Writing for the website Titanica Encyclopedia, journalist Senan Molony explained what had happened after Cameron’s blockbuster became a huge hit. He wrote, “A modern generation of young females pined for [Jack] the young vagabond – and allowed their tears to blur their perceptions of reality… The [Halifax] grave marker suddenly became a focal point for adolescent emotion… Floral tributes sprouted in front of the J. Dawson stone.” Yes, really!

“Admirers left photographs of [Leonardo] DiCaprio and of themselves [and] tucked cinema stubs beside the granite,” Molony continued. “[They] took photographs and clippings of grass [and] even left hotel keys.” But apparently it was just sheer coincidence that Leo’s character shared a name with a real victim of the tragedy. That’s if you believe James Cameron, anyway.

And while Joseph can’t tell us what the sinking was like to experience, another Jack can. Thayer left a detailed account of what happened, and through his vivid description of events we, too, can relive the terror of that dark Atlantic night.

At first, all was peaceful. Thayer wrote in his memoir, “It was a brilliant, starry night. There was no moon, and I have never seen the stars shine brighter. They appeared to stand right out of the sky, sparkling like cut diamonds.” He added, “It was the kind of a night that made one feel glad to be alive.” How bitterly ironic.

Thayer also observed that the sea had been as calm as a “mill pond.” Then, after taking in the scene, he apparently retired to his cabin. Thayer remembered, “I stepped into my room to put on pajamas, expecting to have another delightful night’s rest like the four preceding.” But this tranquility was shattered when disaster struck just before midnight.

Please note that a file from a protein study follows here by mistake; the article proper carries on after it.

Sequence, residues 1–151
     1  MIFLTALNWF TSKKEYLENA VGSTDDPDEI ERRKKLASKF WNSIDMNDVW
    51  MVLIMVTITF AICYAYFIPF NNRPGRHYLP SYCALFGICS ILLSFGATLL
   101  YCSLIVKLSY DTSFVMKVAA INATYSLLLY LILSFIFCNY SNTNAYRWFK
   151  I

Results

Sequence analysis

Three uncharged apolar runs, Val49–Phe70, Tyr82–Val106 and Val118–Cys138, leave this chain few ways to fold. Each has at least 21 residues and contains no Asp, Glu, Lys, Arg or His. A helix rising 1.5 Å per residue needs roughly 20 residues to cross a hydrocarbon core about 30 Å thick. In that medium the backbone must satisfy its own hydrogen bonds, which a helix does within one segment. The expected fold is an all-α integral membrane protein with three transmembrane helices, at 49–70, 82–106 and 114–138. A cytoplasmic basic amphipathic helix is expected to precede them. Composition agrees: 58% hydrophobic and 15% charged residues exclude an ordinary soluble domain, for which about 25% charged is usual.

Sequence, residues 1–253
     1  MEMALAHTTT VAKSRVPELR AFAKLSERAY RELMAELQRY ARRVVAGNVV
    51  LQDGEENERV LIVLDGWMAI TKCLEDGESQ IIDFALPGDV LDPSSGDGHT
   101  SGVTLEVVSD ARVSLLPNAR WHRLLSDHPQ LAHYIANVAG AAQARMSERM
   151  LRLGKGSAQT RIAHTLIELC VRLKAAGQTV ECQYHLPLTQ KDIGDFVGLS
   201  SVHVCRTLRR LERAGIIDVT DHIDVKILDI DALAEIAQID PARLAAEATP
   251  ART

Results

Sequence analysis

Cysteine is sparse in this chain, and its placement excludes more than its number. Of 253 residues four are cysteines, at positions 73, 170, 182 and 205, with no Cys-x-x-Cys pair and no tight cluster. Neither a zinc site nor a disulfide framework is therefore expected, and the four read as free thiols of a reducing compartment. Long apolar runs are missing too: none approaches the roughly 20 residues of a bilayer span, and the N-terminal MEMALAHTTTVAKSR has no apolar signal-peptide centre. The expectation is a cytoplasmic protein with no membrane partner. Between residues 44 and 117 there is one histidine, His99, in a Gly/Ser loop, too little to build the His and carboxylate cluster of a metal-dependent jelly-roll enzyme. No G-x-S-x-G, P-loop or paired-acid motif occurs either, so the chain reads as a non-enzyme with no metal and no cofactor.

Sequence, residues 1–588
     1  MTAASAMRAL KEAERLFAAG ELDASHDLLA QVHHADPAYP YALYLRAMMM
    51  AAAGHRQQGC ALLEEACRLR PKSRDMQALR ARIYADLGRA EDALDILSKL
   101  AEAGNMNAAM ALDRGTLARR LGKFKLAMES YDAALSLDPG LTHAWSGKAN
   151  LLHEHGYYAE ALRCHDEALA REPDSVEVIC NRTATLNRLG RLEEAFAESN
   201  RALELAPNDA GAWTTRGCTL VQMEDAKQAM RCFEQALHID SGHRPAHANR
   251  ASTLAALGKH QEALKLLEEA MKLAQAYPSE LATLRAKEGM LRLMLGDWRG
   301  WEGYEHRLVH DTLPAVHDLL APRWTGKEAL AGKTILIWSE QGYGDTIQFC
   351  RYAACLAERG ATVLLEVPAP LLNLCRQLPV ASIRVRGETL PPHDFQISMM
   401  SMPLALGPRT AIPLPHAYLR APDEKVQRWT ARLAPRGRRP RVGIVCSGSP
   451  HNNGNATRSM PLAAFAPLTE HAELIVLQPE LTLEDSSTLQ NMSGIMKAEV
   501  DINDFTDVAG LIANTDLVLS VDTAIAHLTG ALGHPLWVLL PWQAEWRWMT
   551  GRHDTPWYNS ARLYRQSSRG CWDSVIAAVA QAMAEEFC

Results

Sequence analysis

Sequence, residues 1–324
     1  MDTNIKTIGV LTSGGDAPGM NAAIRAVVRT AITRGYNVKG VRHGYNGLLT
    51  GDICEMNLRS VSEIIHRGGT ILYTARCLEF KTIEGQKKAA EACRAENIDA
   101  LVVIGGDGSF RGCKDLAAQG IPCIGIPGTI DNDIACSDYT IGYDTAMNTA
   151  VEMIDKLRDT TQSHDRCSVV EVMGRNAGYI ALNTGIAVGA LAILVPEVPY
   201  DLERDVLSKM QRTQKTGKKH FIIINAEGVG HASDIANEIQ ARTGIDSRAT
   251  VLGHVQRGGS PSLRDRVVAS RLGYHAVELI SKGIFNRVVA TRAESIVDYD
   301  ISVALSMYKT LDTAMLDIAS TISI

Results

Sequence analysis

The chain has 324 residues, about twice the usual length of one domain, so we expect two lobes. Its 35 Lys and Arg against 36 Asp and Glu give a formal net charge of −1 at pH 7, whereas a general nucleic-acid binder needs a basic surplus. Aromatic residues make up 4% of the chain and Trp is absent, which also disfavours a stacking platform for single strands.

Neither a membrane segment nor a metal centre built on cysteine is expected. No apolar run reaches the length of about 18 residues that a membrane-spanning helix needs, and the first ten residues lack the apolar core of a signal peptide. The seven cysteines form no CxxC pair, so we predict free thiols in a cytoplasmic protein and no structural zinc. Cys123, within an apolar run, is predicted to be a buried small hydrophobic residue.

That was when the ship crashed into an iceberg. The impact tore six narrow gashes along the ship’s hull – enough to breach half a dozen of the watertight compartments. And the Titanic’s fate was sealed as the ocean gushed into the closed sections, rapidly unbalancing the vessel.

Thayer experienced this change in the ship for himself. He wrote, “I wound my watch — it was 11:45 p.m. – and was just about to step into bed when I seemed to sway slightly. I immediately realized that the ship had veered to port as though she had been gently pushed… Almost instantaneously, the engines stopped.”

And although he heard people running along the corridors, Thayer was completely unaware of how grave the situation was. He recalled, “I hurried into my heavy overcoat and drew on my slippers. All excited, but not thinking anything serious had occurred, I called in to my father and mother that ‘I was going up on deck to see the fun.’”

As Thayer got on to the deck – quickly joined by his father – a crowd had started to gather. Then, while speaking to a crew member, the young man learned for the first time that the ship had collided with an iceberg. It was at that point he noticed that the Titanic had begun to lean to starboard.

Thomas Andrews, Harland & Wolff’s most senior ship designer, told Thayer the terrible news. Recalling the conversation, the survivor later wrote, “Mr. Andrews told us he did not give the ship much over an hour to live. We could hardly believe it, and yet if he said so, it must be true. No one was better qualified to know.” Of course, Andrews – who ultimately drowned – was proved completely right.